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It was trade day at the The Interior Design Show yesterday and I was looking for some inspiration. There was a real buzz in the Metro Toronto Convention Centre and a feeling of optimism, which is just what the design industry needs.

The XXX table from Avenue Road – gorgeous


The glamorous calice table from Avenue Road

The bell table from Avenue Road

For me, some of the standout pieces came from the small independent studios. The indie factor is a uniquely Canadian phenomenon and the edgy, but natural approach many of our artisans take is part of our cultural identity. The Studio North exhibit featured contemporary Canadian design with a reference to raw materials like stone and wood.

 This barrel light from Zac Ridgely of Ridgely Studio Works Inc.  has a glamorous industrial feel. Zac is the son of award winning Toronto architect Gordon Ridgely

Zac Ridgely is known for reinventing materials in unexpected ways. I love the playful feel of this light 

This clever pendant light is by Jason and Lars Dressler – known as Brothers Dressler. They also took part in the Sibling Revelry exhibition along with four other hotshot designer siblings. Many of their pieces are made from what they call cut ups – leftover scraps of wood that would otherwise be thrown away. The 6’8″ identical twins, who have a workshop in Toronto, work with reclaimed materials and convert them into original furniture and lighting.

Aside from the focus on natural materials, colour was a dominant theme this year. From tiles to carpet companies, it was a strong and obvious trend that pushed neutrals to the back burner. Area rugs from Modern Weave and W. Studio featured designs that seemed pulled from beautiful abstract paintings. As a starting point in a room, these rugs offer so many possibilities.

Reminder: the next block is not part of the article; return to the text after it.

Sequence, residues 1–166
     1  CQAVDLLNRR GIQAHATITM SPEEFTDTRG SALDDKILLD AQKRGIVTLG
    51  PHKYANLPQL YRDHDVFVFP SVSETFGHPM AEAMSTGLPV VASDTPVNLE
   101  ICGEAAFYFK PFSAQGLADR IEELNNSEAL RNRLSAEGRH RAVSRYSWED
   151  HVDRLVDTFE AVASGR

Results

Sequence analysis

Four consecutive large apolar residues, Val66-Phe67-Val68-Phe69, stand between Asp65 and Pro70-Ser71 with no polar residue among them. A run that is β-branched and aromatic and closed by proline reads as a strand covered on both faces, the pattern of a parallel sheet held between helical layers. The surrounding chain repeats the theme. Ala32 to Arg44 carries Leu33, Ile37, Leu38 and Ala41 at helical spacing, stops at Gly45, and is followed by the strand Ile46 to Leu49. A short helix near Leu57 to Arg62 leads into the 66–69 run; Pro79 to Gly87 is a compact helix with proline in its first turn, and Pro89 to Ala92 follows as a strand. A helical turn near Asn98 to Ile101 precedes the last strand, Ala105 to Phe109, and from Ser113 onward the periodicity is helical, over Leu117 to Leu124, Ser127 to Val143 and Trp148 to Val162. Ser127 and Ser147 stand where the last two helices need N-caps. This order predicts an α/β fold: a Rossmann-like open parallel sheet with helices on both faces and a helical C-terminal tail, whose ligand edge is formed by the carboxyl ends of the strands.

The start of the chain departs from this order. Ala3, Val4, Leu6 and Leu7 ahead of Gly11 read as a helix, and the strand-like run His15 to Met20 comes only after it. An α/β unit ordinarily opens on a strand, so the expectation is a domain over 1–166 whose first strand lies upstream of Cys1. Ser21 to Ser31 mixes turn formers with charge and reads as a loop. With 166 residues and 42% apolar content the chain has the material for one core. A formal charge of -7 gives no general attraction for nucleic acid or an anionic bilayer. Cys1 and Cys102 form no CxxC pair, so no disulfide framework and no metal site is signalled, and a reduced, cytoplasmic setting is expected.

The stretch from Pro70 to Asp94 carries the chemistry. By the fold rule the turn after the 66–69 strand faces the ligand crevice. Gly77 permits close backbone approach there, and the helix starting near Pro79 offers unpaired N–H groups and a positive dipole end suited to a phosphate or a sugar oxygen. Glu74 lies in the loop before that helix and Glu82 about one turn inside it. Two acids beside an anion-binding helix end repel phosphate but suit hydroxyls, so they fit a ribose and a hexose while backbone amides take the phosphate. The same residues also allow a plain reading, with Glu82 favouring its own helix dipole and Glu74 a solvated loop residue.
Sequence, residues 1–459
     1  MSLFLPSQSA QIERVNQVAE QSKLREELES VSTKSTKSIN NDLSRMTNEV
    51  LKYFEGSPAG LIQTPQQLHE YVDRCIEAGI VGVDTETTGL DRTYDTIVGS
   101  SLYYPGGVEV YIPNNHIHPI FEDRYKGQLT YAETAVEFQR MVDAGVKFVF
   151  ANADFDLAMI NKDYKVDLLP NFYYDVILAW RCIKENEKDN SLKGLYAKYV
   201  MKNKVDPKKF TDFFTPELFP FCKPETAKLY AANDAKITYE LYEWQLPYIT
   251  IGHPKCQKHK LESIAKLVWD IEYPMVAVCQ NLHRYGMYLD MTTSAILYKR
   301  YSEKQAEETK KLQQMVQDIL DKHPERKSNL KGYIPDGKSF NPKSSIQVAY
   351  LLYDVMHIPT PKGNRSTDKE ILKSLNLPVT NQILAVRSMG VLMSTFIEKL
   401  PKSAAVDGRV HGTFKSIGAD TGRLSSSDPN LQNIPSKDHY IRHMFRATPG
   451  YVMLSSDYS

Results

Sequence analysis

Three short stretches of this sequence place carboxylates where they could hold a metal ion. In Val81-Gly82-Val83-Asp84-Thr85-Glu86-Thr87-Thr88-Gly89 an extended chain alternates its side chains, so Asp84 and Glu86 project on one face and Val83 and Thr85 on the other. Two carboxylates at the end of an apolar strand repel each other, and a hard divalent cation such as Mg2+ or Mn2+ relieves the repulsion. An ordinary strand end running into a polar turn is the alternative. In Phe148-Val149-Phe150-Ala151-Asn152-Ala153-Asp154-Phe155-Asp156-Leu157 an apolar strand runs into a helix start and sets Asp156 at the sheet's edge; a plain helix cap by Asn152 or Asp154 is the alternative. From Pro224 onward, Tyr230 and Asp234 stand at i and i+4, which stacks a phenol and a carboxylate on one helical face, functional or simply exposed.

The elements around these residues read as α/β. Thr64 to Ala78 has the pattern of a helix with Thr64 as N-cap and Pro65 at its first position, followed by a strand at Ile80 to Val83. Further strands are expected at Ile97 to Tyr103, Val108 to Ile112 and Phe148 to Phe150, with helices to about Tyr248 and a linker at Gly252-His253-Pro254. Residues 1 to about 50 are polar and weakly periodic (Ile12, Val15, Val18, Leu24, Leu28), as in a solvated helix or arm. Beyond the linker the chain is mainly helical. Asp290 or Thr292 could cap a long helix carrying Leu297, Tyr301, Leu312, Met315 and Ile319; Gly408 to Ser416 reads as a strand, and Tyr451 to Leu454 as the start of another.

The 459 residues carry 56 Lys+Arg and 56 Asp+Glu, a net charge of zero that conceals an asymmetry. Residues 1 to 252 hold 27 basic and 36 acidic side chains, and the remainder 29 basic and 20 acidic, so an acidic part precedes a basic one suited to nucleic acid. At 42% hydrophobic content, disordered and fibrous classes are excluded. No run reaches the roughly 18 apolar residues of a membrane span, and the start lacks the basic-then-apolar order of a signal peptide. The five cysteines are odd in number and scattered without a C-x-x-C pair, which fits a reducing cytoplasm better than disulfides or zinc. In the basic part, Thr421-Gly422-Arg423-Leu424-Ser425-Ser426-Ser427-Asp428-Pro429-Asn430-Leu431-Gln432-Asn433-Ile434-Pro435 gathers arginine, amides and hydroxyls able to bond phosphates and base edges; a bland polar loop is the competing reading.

Area rugs from Modern Weave (above) have a painterly feel

 W Studio’s rugs (below) reminded me of aerial maps

Newcomers Erin Julian and Dave McAdam from Victoria BC launched their company Arbutus & Denman at the show. Their simply spun lighting collection is made in Vancouver and features six simple silhouettes in white or black made from spun aluminum. The powder-coated matte finish gives the collection a clean contemporary feeling.

I was also drawn to the glass light fixtures designed and produced by AM Studio. The Toronto-based studio opened 3 1/2 years ago and sells mostly to designers and architects, but the company is also happy to deal with the public.

Toronto retailer Snob was attracting a lot of attention with its stylish booth. Owner Denise Zidel, features hand-crafted furniture, accessories and lighting from Africa. The pendant lighting she carries is magnificent. It comes in gold, black or silver.

Original art is often too expensive for people who are looking for large canvases. Victoria Adams is the founder and art director of an online site called UrbanCanvasArt.com. Based in Ottawa, Adams offers affordable modern canvas art prints for sale on the web. Various sizes, finishes and framing techniques are available. At the show, Victoria was highlighting White Birch – a print by Canadian fine artist Alison Fowler.

The line up for the Sibling Revelry exhibits brought back pained memories of  Disney World, but I have to admit I’m glad I stuck it out. Not surprisingly, Sarah Richardson and her brother Theo Richardson attracted the most attention. I’ve saved the best for last – take a look at what they created.

Ben Mark Holzberg’s Summerhill subway photo gives this room an urban edge

Love the crosses and the addition of polka dots

Sarah used a gorgeous quadrille fabric to highlight Theo’s lighting

The overhead light fixture and the table are fabulous. Sarah also used artist Michael Adamson’s work throughout this project

The use of yellow in this bedroom is so fresh (Sibling revelry photos, courtesy of Sarah Richardson Design)

 If you haven’t already checked out the Interior Design Show, it’s open all weekend.